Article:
Dissecting the Lucas/Paris Race

Special to The TelegraphAugust 30, 2012 

With the momentum of her one-year incumbency, her prior stint as president of Macon City Council, and a victory in hand over state Rep. David Lucas in 2011, Miriam Paris had the upper hand in Georgia’s 26th Senate primary. First defenses are a little tougher for incumbents than later defenses, but the odds still strongly favor incumbents even then.

Jim Marshall narrowly beat Calder Clay for Middle Georgia’s open congressional seat in 2002, for instance, but incumbent Marshall trounced Clay two short years later.

Still, Paris has now lost to Lucas twice, first in July’s general election and then in August’s run-off, narrowly, but conclusively.

It’s not that Paris pulled some kind of an obviously bone-headed move, either, such as saying there’s a difference between legitimate and illegitimate rapes. On the contrary, she’s genuinely gracious and smart.

As a modern post-partisan black woman incumbent, with plenty of campaign money, deep political roots and this paper’s endorsement, she should have thrashed any challenger. So what happened?

Soon after Lucas won the run-off, a provocative commenter on the macon.com website attributed the result to “zombie slaves,” apparently meaning simple-minded voters following the dictates of the manipulative political “master,” David Lucas.

After many years in the Georgia House, and after twice beating a political star such as the late former Sen. Robert Brown in head-to-head races, Lucas is a master, all right, but not a master at dictating to the voters. Lucas is a master at listening to and connecting with them.

While Paris put up a nice website for her constituents to visit, Lucas was out talking to the district’s voters face to face. Lucas also charged Paris with being a Republican pawn. That’s an overstatement, but there was enough truth in the charge to stick. Paris’s ears seemed tuned to people such as state Sen. Cecil Staton, Rep. Allen Peake and Erick Erickson in north Macon, Lynn Westmoreland in west Georgia, and plenty of Atlanta gold-domers -- all outside the 26th District.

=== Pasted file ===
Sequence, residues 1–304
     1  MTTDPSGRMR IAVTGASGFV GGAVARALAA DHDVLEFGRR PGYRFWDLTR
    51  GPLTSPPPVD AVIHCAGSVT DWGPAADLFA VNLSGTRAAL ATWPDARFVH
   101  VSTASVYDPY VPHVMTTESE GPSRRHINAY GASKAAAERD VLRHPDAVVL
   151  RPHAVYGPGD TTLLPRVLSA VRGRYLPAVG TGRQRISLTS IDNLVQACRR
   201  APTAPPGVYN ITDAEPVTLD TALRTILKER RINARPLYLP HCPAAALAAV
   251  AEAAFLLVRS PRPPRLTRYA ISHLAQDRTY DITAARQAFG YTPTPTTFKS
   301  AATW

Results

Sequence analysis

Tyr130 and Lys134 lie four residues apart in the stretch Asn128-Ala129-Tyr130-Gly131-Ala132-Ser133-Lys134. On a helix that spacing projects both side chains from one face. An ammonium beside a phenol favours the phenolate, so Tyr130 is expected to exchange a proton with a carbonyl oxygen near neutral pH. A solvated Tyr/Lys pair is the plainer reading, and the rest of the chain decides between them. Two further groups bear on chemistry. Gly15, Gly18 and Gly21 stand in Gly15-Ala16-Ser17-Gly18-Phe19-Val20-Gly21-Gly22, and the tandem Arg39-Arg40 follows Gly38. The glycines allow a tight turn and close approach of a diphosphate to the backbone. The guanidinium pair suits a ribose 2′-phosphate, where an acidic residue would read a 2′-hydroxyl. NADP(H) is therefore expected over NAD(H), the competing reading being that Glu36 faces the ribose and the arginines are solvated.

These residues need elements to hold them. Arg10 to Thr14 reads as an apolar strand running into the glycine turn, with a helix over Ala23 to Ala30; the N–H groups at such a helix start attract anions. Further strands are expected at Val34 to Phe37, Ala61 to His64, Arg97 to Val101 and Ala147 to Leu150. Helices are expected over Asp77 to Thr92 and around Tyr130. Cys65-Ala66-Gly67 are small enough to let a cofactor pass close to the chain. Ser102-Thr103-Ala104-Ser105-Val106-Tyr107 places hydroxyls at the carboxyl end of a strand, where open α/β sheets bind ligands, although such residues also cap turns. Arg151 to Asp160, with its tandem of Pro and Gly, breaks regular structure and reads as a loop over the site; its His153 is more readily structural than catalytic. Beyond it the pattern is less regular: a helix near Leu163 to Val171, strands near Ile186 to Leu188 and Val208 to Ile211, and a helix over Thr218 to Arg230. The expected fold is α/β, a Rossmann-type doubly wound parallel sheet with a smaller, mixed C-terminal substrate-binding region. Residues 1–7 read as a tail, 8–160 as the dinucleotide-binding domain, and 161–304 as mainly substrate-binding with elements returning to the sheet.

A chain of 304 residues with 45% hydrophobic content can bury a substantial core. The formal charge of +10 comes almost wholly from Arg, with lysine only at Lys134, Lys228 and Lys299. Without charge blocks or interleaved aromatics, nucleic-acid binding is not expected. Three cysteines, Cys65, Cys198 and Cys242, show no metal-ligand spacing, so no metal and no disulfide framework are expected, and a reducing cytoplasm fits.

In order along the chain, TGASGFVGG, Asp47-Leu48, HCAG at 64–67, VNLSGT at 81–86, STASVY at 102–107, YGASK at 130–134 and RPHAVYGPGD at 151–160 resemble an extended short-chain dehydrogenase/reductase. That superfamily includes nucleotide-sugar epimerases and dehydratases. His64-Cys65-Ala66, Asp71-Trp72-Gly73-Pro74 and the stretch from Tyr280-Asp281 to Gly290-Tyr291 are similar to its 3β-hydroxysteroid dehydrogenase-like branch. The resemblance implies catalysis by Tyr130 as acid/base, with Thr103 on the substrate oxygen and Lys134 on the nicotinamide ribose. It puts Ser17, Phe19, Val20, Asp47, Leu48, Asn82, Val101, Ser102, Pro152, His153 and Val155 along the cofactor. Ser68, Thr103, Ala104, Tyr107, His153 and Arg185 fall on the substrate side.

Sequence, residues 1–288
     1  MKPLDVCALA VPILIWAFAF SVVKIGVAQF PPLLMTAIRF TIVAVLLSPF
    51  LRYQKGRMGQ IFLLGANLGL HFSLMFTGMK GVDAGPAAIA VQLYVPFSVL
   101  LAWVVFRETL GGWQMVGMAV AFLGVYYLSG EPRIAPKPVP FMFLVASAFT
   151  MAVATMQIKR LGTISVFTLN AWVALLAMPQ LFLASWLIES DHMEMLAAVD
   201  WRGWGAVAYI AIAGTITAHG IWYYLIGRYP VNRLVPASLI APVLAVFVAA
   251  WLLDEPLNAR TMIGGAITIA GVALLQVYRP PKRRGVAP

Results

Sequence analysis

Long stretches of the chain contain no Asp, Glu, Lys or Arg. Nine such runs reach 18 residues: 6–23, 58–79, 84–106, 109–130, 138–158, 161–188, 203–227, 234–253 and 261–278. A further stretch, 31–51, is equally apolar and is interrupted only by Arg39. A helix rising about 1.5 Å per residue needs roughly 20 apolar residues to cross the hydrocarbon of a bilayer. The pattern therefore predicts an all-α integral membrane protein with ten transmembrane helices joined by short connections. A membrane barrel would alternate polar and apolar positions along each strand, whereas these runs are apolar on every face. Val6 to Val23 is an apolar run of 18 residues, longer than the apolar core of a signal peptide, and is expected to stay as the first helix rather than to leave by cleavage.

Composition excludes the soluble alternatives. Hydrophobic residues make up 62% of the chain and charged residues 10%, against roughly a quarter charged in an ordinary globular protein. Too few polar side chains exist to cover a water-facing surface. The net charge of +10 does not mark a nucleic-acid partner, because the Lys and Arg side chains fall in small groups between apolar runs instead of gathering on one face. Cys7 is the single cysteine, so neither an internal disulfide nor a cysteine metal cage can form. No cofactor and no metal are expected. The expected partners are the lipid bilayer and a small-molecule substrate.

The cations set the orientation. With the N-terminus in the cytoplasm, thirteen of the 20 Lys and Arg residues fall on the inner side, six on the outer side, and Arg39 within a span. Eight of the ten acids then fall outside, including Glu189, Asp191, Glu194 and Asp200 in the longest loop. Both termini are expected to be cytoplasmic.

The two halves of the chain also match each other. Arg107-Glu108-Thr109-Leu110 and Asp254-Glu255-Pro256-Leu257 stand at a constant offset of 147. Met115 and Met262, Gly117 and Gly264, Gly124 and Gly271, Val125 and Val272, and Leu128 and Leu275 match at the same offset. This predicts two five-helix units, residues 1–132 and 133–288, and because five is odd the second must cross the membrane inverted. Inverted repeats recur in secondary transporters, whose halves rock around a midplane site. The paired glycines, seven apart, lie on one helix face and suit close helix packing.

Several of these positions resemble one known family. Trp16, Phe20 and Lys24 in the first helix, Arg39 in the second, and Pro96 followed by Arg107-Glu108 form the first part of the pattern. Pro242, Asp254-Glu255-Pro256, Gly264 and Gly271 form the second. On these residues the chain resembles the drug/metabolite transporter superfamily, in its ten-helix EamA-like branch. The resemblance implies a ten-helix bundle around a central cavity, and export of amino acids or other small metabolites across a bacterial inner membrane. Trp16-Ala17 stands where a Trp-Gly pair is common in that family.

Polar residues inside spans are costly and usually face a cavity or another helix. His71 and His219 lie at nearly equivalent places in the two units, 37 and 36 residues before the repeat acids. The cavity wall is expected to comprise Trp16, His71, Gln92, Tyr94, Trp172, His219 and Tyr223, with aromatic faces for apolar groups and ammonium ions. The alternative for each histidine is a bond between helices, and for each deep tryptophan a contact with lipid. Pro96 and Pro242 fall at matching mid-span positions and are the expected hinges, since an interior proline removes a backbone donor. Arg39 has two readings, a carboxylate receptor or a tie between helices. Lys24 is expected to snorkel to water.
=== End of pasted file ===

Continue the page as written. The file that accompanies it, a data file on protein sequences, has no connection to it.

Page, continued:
For example, as senator, she seemed to accept without much discussion the redistricting plan proposed by Republicans Peake and Staton for post-consolidation Macon, sort of a litmus test to the savvy black Democrats in Bibb about whether she can stand her ground on purely partisan matters. Republicans even ran an open campaign to crossover and vote for her in the last run-off, which tended to confirm Lucas’s charge.

Then came final confirmation. Outsiders fronted by a Republican Atlanta lawyer who formerly worked for Westmoreland issued fancy and “funny” fliers trying to paint Lucas as a lazy Negro, asleep at the political switch. That’s an odd way to spend PAC money in the 26th District, where people understandably resent racial taunting.

Most voters in the district also knew that the dog about sleepy Lucas wouldn’t hunt. In 2011, Lucas risked moving up to a Senate race after years in a safe House seat that he relinquished for the chance at the Senate seat. Although Lucas lost that race to Paris, in the midst of an unexpected illness, he recovered nicely and ran hard again in 2012, twice, visiting voters throughout the district in a classic muscle car with a bold District 26 paint job. Lucas is energetic, hard working, committed, and very much awake.